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The Peak of Fall Color

October 19, 2009

The second Saturday in October, Clare and I attended an event at Montreat Conference Center near Black Mountain, North Carolina. There were several black bear sightings by members of our group. The main attraction, however, was the annual display of fall foliage. The colorful show was just beginning in the Southern Appalachian Mountains.

This week promises to be the peak in the higher elevations. Along the Blue Ridge Parkway north of Asheville, there is stunning color toward Mt. Mitchell and Grandfather Mountain.

The English poet, Samuel Taylor Coleridge, celebrated autumn with a rhyme.
The one red leaf, the last of its clan,
That dances as often as dance it can.

The Blue Ridge Mountains and surrounding foothills are poised for the annual display. The rain of the past week and the cooler temperatures should enhance the color. Peak colors are predicted through early November.

Though the mountains are home to more than 100 species of trees, the most colorful leaves come courtesy of sugar maples, scarlet oaks, sweet gums, red maples, and hickory trees.

Before settling down into winter’s deep sleep, Mother Nature has one last fling, an amazing fashion show, when the mountains turn radiant shades of crimson, orange, and purple.

A Cherokee Indian legend explains why the leaves change color. It is a tale of a mighty black bear that roamed the countryside wreaking havoc. The invader would charge into their villages, eat all their food, destroy their homes, chase away their animals, and frighten the women and children.

Tribal elders held a council and selected the bravest warriors to put an end to the bear. The hunters set out with their dogs and weapons to stalk the ferocious beast. One hunter came close enough to shoot. His arrow nicked the marauding animal in the flank. The injury was not serious, but the bear ran so fast he fled into the sky. The hunters gave chase into the heavens after their prey.

The bear can be imagined as the four stars in the bowl of the Big Dipper. The three stars in the handle of the dipper represent the warriors in pursuit. The hunters and bear go round and round in the northern sky. Every autumn, the Big Dipper comes low to the horizon. It is then, according to the legend, that the bear’s wound leaks a few drops of blood. According to the legend, the blood of the beast changes the colors of the leaves on the trees.

Those of us who live in the Piedmont are fortunate to enjoy a climate where, as the days shorten and the night air becomes crisp, the soothing green canvas of summer foliage is transformed to the vivid autumn palette of reds, oranges, yellows, and browns. The result can be breathtaking.

The timing of the color change varies by species of trees. Sourwood in southern forests can become a vivid yellow in late summer while all other species are still green. Oaks put on their colors long after other species have already shed their leaves.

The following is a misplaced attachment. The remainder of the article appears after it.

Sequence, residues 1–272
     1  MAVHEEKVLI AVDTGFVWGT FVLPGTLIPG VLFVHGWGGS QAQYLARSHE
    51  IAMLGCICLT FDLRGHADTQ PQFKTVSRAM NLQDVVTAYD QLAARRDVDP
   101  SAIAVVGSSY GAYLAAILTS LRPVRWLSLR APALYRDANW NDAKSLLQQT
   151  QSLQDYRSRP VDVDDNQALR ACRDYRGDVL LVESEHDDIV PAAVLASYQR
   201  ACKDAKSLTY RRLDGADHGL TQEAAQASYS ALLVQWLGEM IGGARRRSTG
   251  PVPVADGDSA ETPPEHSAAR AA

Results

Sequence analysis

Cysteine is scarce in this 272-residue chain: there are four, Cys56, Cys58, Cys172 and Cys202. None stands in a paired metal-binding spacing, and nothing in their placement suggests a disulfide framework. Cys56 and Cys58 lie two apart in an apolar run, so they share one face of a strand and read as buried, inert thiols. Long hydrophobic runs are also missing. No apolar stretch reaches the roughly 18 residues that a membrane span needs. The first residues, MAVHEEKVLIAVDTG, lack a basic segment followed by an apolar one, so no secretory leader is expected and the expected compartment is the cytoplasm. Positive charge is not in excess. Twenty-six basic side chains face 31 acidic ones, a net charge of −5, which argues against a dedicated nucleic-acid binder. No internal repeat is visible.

The amount and brilliance of the colors that develop in any particular autumn season are related to weather conditions that occur before and during the time the chlorophyll in the leaves is dwindling. Temperature and moisture are the main influences.

The mythical Jack Frost supposedly brings reds and purples to the forest by pinching the leaves with his icy fingers. The hues of yellow, gold, and brown are mixed in his paint box and applied with quick broad strokes of his brush as he silently moves among the trees decorating them.

Actually, frost does not bring autumn hues but turns the leaves brown. The most spectacular color displays are brought on by a succession of warm, sunny days and cool, but not freezing, nights. During these days, sugars are produced in the leaf. The cool nights and the gradual closing of veins going into the leaf prevent these sugars from moving out. The combination of sugar and light spurs production of brilliant pigments in the leaves.

The amount of water in the soil also affects autumn colors. Like the weather, soil moisture varies greatly from year to year. The countless combinations of these two highly variable factors assure that no two autumns will be exactly alike. A late spring, or a severe summer drought, can delay the onset of fall color by a few weeks. A warm period during fall will also lower the intensity of autumn colors. A warm wet spring, favorable summer weather, and warm sunny fall days with cool nights will produce the most brilliant autumn colors.

Unfortunately, autumn color is not very predictable. But the change of color generally starts in late September in New England and moves southward, reaching the Piedmont by early November. The cooler higher elevations will change color before the more temperate valleys.

George Schrieffer, a minister friend, came up with a short rhyme for the fall season. He was concerned that folks would be tempted to skip church on Sunday to drive to the mountains to see the beautiful display of autumn color. His poetry may not be quite as eloquent as that of Samuel Taylor Coleridge, but George’s lines are no less appropriate.
The leaves reach their peak
In the middle of the week!

Kirk H. Neely
© October 2009
Kirk Neely will be signing his new book, A Good Mule is Hard to Find, at The Turtle Parfait in Woodruff, 11:30-2:00, October 23, and at Strawberry Hill in Cooley Springs, 10:00-2:00, October 24. You may purchase his books at these events.

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